Display your undo history in a graph.
Vim script
Pull request Compare This branch is 95 commits behind mbbill:master.
Fetching latest commit…
Cannot retrieve the latest commit at this time.
Failed to load latest commit information.


Link to Vim.org



Vim 7.0 added a new feature named Undo branches. Basically it's a kind of ability to go back to the text after any change, even if they were undone. Vim stores undo history in a tree which you can browse and manipulate through a bunch of commands. But that was not enough straightforward and a bit hard to use. You may use :help new-undo-branches or :help undo-tree to get more detailed help. Now this plug-in will free you from those commands and bring back the power of undo tree.


  1. Visualize undo-tree
    • The undo history is sorted based on the changes' timestamp. The year/month/day field will not be displayed if the changes were made within the same day.
    • The change sequence number is displayed before timestamp.
    • The current position is marked as >seq<.
    • The next change that will be restored by :redo or <ctrl-r> is marked as {seq}, it's the same as curhead returned by undotree()
    • The [seq] marks the last change and where further changes will be added, it's the same as newhead returned by undotree()
    • Saved changes are marked as s and the current change is S
  2. Live updated diff panel.
  3. Highlight changed text.
  4. Revert to a specific change by mouse click or enter key.
  5. Hotkey support.
  6. Display changes in diff panel.



  1. Unpack all scripts into plugin directory and that's all. This script is written purely in Vim script with no additional dependency.


  1. Use :UndotreeToggle to toggle the undo-tree panel. You may want to map this command to whatever hotkey by adding the following line to your vimrc, take F5 for example.

    nnoremap <F5> :UndotreeToggle<cr>

  2. Then you can try to do some modification, and the undo tree will automatically updated afterwards.

  3. There are a bunch of hotkeys provided by vim to switch between the changes in history, like u, <ctrl-r>, g+, g- as well as the :earlier and :later commands.

  4. You may also switch to undotree panel and use the hotkeys to switch between history versions. Press ? in undotree window for quick help of hotkeys.

  5. You can monitor the changed text in diff panel which is automatically updated with undotree panel.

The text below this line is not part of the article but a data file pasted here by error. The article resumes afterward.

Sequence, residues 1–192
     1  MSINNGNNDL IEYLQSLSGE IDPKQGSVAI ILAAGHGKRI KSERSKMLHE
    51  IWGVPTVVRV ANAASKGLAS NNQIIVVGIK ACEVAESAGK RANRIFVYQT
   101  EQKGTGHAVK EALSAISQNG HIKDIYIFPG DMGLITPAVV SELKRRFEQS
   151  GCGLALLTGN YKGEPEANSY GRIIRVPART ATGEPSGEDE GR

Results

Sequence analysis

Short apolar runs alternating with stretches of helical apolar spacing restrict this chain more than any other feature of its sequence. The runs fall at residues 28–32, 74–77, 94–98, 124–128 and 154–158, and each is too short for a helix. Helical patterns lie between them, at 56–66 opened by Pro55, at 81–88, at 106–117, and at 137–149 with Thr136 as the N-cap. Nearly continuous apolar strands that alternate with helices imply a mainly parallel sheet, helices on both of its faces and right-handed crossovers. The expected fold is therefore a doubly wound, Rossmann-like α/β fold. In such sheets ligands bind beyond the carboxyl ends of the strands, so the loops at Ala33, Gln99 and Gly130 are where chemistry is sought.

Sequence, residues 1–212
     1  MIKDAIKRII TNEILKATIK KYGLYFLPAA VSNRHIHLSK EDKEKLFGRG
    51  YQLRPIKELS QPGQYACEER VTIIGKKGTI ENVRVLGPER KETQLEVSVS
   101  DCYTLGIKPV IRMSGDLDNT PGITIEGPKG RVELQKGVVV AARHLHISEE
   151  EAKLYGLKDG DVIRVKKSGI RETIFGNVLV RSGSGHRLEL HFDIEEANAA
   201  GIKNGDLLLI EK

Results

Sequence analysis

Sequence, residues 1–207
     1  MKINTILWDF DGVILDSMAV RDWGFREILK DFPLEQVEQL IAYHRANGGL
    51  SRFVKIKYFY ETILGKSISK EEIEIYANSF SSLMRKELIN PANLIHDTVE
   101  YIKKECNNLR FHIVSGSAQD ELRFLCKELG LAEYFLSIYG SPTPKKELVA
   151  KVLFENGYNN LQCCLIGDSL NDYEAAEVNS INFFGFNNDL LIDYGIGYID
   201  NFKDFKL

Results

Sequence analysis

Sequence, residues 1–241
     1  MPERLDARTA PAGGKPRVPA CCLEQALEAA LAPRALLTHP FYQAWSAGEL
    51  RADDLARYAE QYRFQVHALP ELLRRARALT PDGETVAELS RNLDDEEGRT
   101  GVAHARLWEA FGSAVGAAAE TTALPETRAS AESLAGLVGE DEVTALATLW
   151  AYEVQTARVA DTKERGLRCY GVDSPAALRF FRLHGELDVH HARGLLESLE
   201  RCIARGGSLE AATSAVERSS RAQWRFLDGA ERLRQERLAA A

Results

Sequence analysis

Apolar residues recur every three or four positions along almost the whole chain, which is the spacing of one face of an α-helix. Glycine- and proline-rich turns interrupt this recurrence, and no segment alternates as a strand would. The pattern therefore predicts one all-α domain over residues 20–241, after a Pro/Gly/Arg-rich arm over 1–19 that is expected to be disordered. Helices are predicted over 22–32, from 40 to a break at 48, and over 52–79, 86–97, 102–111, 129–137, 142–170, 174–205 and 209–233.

6. Persistent undo

    • It is highly recommend to enable the persistent undo. If you don't like your working directory be messed up with the undo file everywhere.

Add the following line to your vimrc in order to make them stored together.

if has("persistent_undo")
    set undodir = '/path/to/what/you/want/'
    set undofile


  1. Basically, you do not need any configuration to let it work, cool?
  2. But if you still want to do some customization, there is also a couple of options provided.
    • Here is a list of these options.

Post any issue and feature request here:



  1. Create a file under $HOME with the name undotree_debug.log
    • $touch ~/undotree_debug.log
  2. Run vim, and the log will automatically be appended to the file, and you may watch it using tail:
    • $tail -F ~/undotree_debug.log
  3. If you want to disable debug, just delete that file.


Someone asked me about the difference with Gundo, here is a list of differences, or advantages.

  1. Pure vimscript implementation and no 3rd-party libraries(like python) is needed, don't worry about performance, it's not such a big deal for vim to handle this. The only dependency is the 'diff' tool which always shipped with vim and even without 'diff' you still can use most of the features of this script.
  2. Realtime updated undo tree. Once you make changes, the undo tree will be updated simultaneously.
  3. Several useful marks, like current changeset, next redo changeset, saved changeset, etc.
  4. Toggle between relative timestamp and absolute timestamp.
  5. Realtime updated undo window.
  6. Ability to clear undo history.
  7. More customizable.




Ming Bai <mbbill AT gmail DOT COM>